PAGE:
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Your non-human friend may be saving your life

The number of people who own a pet worldwide has increased exponentially over the years. Individuals who own pets can be found in just about every culture.  What was once a symbol of wealth and elitism has now become the loyal companion for all. In Sweden over seven percent of the population is registered as dog owners and many others have different pets.

What has changed? One theory is that being around animals makes us feel good. Several recent studies support this idea, many in the medical community have conducted studies that prove that owning a pet not only makes you feel good but is also good for you.

According to their results owning a pet actually makes you healthier. Allen R. McConnell, a professor of psychology at Miami University, states in his findings, “Pets provide meaningful social support for their owners.” The study conducted showed that people who owned pets gained a variety of physical and physiological benefits over those who did not have a companion animal in their life. People were more physically active, resulting from the need to play with and be active with their furry friend, and were less prone to feelings of loneliness or depression. Some of these benefits were not so obvious though. Responsible pet owners were also found to be more likely to be courteous to their fellow humans. The responsibility of having to take care of another living creature could be a developing factor in how well people are able to be sympathetic to the feelings of others.

These findings primarily focus on the benefits of the most common pets, cats and dogs, however any companion animal can have the same effects on an individual. Irene Rapado, a graduate of Örebro University, relates her personal experiences with the physiological benefits from her friendship with Brownie, a lop rabbit. Originally from Spain, Irene has had to deal with homesickness, Brownie the rabbit  has been a great benefit in this regard. Irene explains, “Mentally, it made me feel more relaxed, because when I was lonely or I am alone, she comes to me because she wants to be petted. So, yeah, in my personal case she makes me feel companionship.” Regarding changes in her physical condition Irene says smiling, “Physically I did not have much improvement, apart from biking more because I have to go to the pet shop and buy food and stuff.” She also mentions that  from time to time she takes Brownie for walks in the field. Though it may not seem like a lot, doctors have stated that even the simple movements associated with pet ownership can improve blood flow and respiration.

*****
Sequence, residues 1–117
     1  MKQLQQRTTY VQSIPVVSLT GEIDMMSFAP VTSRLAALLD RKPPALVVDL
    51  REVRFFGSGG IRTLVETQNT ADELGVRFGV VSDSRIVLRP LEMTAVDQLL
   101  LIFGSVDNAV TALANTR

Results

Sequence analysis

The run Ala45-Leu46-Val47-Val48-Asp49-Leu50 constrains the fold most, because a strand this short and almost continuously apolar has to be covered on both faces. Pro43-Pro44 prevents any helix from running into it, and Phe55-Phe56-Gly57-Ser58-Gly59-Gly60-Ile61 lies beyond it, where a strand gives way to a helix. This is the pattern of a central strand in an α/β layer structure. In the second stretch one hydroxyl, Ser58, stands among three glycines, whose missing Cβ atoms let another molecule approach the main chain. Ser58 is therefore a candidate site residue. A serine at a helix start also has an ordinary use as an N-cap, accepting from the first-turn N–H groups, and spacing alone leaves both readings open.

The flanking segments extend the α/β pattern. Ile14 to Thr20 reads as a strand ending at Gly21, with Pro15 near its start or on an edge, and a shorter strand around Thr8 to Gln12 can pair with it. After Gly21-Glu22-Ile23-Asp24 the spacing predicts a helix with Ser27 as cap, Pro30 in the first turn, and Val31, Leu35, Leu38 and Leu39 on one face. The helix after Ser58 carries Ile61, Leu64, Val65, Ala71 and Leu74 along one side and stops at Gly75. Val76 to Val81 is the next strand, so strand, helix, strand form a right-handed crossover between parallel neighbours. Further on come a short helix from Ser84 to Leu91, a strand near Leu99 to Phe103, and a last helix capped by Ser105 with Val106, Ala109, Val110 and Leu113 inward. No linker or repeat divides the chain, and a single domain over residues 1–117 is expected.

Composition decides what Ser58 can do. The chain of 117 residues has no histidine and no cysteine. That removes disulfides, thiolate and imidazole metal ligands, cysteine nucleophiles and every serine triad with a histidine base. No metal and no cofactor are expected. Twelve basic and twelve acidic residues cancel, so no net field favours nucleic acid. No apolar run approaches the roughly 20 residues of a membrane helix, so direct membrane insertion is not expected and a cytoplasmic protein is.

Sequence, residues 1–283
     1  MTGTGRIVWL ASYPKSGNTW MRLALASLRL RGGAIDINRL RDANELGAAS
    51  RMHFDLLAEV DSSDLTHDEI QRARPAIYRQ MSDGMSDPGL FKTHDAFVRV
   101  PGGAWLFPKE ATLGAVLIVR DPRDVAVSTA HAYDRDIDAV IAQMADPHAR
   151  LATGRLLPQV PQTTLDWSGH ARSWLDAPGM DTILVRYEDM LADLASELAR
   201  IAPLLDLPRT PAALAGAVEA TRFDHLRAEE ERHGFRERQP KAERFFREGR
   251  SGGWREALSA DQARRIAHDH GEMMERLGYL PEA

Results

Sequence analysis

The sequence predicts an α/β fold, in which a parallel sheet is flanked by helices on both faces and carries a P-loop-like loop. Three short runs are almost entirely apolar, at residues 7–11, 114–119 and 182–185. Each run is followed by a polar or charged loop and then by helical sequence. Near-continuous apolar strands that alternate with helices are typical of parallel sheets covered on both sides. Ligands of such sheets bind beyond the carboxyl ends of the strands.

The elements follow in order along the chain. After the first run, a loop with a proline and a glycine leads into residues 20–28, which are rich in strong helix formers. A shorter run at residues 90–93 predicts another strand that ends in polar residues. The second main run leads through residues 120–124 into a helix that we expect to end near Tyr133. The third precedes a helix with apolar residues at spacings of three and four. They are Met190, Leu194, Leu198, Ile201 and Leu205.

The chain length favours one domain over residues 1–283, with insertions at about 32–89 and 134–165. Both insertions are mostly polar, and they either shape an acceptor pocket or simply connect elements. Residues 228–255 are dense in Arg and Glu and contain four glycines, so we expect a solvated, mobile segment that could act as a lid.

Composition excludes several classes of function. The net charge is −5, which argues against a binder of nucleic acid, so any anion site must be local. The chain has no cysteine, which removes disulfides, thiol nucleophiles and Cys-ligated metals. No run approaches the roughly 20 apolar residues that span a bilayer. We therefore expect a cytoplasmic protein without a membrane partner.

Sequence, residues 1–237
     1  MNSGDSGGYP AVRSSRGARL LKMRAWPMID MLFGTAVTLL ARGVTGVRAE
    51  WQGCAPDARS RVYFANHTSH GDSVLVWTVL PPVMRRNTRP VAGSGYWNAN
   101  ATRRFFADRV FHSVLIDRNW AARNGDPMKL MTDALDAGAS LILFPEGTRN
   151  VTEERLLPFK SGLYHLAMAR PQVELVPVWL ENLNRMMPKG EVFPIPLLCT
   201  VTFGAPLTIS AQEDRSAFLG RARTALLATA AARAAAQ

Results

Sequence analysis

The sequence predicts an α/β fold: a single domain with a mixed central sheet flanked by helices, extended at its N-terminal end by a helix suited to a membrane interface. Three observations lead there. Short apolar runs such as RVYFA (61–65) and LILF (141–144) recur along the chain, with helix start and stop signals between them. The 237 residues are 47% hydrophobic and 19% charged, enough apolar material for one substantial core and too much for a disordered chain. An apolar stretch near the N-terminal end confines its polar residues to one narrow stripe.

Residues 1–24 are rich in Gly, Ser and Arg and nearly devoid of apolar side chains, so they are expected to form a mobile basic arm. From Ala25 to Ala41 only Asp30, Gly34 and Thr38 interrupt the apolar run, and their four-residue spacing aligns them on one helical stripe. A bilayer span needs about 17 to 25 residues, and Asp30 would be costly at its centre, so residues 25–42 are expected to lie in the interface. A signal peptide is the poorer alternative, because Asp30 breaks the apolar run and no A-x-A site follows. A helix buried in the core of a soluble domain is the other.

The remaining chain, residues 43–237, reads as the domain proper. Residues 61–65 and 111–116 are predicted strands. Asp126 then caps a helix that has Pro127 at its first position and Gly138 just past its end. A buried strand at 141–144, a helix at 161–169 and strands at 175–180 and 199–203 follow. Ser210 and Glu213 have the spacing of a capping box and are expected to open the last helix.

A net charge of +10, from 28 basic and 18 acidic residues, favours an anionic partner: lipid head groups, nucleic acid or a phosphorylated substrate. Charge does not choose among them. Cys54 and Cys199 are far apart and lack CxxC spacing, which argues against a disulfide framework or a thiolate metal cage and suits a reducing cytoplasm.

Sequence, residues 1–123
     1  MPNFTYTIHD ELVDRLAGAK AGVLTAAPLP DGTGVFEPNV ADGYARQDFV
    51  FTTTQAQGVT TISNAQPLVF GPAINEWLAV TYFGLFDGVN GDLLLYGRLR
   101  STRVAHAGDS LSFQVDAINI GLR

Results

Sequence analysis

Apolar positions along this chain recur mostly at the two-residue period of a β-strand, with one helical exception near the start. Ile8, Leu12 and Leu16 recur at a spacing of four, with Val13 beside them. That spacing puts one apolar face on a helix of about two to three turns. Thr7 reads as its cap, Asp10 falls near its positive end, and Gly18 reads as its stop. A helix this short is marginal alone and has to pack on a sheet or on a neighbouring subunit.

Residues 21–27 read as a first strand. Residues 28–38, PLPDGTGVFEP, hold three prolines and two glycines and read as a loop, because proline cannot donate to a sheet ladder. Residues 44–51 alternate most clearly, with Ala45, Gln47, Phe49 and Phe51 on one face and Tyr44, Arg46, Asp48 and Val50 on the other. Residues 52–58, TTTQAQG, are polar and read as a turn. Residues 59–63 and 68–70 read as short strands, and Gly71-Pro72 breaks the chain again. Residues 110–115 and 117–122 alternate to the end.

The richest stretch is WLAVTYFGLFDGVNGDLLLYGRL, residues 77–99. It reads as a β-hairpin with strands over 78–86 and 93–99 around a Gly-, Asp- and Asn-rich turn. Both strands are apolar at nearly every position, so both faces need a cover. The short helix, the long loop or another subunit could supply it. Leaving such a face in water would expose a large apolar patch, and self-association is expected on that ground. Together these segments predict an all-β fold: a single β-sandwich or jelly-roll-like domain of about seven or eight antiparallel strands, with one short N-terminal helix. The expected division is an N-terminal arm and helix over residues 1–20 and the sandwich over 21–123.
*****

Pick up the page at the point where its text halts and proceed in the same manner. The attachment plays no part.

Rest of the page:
We are coming into a greater understanding of how we interact and connect with animals. Companion animals are becoming more and more the norm across the globe and the benefits for people are measurable. Perhaps in few years we will have an even greater understanding of our faithful companions and our bond can grow even closer.

/ Robert Brewster Skribent

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